Often, when I’m on the road scouting out real estate, I find myself in the evening sitting and reflecting on what I’ve seen and the opportunities I’ve found. These quiet moments are rare on a scouting trip. Scouting out real estate can be intense work—long days spent in the sun and talking to developers, or traveling for hours by car, stopping along the way to see whether a piece of real estate or a particular development has the potential to be a good deal.
So, when I get a few hours on my own in the evening, it gives me time to take stock. To slow down and to reflect. And, to put my thoughts in order about what I’ve seen and where the opportunity to buy well is.
Earlier this year, I was sitting in a hotel room in San José, Costa Rica’s capital. From the window of my room, I could see clearly the extent of the development in the city and surrounding area. San José is in the Central Valley—the most populated part of Costa Rica. Around two thirds of Costa Rica’s population lives in the Central Valley.
The lights of the capital city were far brighter than the stars overhead. The city is sprawling and built up. That urban sprawl reaches up to the mountains. To get somewhere with less development, you need to head to the coast. But even there, you’ll see big condo buildings and bars and restaurants crowding for space. A lot of those buildings are catering to tourists. Tourism is big business here. The best known beach towns are thronged with tourists almost year round.
It got me to thinking about one particular opportunity on my radar. The opportunity to buy a lot in one of the most stunning corners of Costa Rica—an area that has been overlooked.
That’s a rare opportunity in Costa Rica today. It’s getting harder and harder to find an untouched corner of Costa Rica. The tourism industry has developed here like few other countries in the region.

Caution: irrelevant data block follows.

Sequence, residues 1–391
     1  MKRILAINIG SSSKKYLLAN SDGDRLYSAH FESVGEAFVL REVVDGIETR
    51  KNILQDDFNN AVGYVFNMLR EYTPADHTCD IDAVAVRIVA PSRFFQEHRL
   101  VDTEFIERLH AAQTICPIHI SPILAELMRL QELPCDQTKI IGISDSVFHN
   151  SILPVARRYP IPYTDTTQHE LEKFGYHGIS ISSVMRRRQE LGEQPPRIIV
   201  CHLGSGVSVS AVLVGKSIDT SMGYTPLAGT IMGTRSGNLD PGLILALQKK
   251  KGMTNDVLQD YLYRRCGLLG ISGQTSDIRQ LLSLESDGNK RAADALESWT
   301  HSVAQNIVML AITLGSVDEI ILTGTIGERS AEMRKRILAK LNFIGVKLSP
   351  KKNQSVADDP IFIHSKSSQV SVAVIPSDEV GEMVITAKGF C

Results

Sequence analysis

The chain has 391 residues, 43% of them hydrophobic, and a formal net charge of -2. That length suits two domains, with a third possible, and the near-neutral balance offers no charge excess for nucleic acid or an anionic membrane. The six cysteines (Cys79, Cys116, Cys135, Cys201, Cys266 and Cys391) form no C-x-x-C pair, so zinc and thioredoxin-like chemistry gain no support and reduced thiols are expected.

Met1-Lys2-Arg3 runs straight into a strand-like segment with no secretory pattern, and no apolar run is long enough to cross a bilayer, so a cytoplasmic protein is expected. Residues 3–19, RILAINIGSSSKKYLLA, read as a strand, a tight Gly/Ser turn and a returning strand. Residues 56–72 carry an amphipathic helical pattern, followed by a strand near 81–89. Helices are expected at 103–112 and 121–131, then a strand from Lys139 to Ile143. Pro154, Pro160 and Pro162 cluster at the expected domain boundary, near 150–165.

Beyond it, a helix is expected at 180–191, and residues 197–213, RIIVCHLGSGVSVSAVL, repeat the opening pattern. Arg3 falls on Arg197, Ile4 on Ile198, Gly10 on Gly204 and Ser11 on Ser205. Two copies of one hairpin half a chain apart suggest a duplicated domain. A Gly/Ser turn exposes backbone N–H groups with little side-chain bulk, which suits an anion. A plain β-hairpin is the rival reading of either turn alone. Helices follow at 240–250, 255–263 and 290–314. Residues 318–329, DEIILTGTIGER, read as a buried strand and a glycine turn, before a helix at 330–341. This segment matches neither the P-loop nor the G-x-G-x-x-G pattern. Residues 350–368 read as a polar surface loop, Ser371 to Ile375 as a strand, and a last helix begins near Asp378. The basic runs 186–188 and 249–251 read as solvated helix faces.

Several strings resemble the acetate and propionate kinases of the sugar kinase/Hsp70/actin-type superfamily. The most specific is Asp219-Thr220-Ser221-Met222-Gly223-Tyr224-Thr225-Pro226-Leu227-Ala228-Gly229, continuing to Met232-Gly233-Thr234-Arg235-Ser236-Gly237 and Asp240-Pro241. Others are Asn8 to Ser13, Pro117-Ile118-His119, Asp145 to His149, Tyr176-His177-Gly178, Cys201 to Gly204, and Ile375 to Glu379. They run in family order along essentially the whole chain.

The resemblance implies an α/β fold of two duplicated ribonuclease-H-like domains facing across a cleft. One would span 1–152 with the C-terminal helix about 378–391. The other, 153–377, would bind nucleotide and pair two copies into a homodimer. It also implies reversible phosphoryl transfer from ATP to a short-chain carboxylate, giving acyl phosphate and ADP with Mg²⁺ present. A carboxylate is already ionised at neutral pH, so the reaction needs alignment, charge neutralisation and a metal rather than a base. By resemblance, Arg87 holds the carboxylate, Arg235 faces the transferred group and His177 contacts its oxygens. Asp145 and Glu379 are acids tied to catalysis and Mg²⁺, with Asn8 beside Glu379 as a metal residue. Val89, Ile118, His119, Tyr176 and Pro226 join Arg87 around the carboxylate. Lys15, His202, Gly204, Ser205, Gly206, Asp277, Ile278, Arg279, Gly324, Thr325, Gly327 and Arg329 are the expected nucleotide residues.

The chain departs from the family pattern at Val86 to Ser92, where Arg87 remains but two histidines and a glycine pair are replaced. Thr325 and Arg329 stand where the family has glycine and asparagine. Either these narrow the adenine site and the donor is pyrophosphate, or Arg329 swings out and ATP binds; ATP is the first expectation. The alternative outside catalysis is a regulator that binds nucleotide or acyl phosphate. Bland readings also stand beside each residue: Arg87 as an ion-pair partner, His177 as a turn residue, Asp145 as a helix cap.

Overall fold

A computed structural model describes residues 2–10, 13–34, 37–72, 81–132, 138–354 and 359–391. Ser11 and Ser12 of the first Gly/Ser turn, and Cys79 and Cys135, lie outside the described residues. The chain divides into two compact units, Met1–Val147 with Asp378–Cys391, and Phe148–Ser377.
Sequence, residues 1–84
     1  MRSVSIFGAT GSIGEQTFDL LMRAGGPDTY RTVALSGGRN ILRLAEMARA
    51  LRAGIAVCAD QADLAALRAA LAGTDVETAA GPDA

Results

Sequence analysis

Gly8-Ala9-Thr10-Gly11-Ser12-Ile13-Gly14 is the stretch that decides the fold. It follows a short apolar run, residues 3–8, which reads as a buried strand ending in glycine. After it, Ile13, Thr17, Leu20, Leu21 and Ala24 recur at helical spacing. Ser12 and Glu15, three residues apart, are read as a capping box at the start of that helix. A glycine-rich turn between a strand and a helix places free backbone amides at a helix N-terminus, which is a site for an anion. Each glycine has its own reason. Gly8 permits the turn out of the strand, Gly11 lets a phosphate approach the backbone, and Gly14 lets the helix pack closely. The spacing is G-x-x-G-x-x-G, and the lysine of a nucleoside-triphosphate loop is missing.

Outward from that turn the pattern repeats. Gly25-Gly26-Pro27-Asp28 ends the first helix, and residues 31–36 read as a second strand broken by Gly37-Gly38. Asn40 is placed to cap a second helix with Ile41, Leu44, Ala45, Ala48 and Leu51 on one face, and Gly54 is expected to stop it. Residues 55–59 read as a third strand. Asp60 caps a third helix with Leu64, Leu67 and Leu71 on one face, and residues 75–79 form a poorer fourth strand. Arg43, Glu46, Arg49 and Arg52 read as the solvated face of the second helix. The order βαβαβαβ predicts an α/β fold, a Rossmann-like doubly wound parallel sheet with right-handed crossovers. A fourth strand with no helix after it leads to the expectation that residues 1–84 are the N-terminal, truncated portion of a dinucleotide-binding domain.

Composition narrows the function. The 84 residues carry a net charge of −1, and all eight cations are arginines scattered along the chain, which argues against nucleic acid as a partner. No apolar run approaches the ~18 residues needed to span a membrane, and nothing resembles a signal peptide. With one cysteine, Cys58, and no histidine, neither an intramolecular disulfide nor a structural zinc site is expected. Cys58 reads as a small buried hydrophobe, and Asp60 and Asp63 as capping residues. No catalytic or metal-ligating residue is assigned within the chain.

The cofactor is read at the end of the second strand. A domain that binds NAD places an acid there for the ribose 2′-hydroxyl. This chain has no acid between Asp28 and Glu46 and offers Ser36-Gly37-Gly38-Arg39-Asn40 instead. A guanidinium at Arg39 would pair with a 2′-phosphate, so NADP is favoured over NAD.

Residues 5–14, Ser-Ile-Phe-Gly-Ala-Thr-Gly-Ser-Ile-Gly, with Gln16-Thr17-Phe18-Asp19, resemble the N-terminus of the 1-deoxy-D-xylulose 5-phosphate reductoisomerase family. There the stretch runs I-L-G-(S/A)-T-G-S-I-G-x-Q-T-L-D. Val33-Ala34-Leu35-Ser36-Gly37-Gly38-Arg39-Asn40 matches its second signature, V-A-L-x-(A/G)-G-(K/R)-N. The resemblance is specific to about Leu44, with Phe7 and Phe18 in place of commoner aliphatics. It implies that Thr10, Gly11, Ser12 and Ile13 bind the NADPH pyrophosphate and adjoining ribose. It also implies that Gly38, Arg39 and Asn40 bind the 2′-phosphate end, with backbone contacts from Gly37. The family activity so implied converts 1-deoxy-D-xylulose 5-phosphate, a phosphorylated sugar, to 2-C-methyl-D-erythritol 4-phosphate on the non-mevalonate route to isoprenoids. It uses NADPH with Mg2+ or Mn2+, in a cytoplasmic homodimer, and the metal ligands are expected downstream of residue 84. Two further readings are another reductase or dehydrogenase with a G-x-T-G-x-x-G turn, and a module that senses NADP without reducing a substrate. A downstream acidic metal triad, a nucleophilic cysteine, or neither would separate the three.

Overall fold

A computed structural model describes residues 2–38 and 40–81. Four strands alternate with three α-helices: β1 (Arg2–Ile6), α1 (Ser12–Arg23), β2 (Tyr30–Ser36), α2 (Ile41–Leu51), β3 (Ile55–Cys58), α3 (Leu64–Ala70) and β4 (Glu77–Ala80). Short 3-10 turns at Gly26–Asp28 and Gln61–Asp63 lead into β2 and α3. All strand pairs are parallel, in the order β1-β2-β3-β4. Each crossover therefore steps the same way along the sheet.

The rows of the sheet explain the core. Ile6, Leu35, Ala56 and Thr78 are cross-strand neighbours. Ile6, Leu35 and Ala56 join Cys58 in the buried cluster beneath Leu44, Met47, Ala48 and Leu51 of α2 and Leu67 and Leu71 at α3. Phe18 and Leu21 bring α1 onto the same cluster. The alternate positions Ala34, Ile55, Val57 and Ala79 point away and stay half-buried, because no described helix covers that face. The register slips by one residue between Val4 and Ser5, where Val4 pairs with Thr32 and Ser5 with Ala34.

Tourism is big business in Costa Rica now. In fact, the country now counts one tourist for every two locals. Pretty impressive for a tiny country—about the size of West Virginia. It’s great news for the country’s economy. But, for a real estate investor, it means that finding a pioneer market to buy property in is increasingly difficult.
But there’s one Pacific location in Costa Rica that’s stayed off the beaten tourist track—and where, for now, real estate prices have stayed low. For decades, Costa Rica’s Southern Zone used to be hard to get to—a nine-hour journey from San Jose on bone-shaking roads.
Until a new highway was built. It cut the commute down massively—and slowly word got out to vacationers. Then, a new highway was put in place. It’s now quick and easy to get here. And more and more vacationers are coming.
The Southern Zone is one of Costa Rica’s most attractive destinations. Acres of jungle roll down toward the ocean. Toucans fly overhead. Monkeys call from the trees. And the beaches are among the country’s best. As word continues to get out, more and more vacationers and second-home owners will come. But, they’ll be limited in what they can buy.
Development is heavily restricted; so this shouldn’t become as built up and overdeveloped as better-known destinations.
In the best-in-class community in the Southern Zone, you could buy a 0.81-acre lot with ocean and mountain views for just $85,000. That’s a killer deal for a lot like this—you’d pay two to three times that amount in better-known tourist hotspots. As the Path of Progress finally reaches the Southern Zone, I predict prices to rise. And, tourist numbers will keep growing.
But, because of those restrictions on development, I don’t see a lot more opportunity to buy at such a good price—or to hone in on the strong rental market here. Buyers at Pacific Lots are ahead of the curve here. They’ll be sitting pretty when values start to rise.
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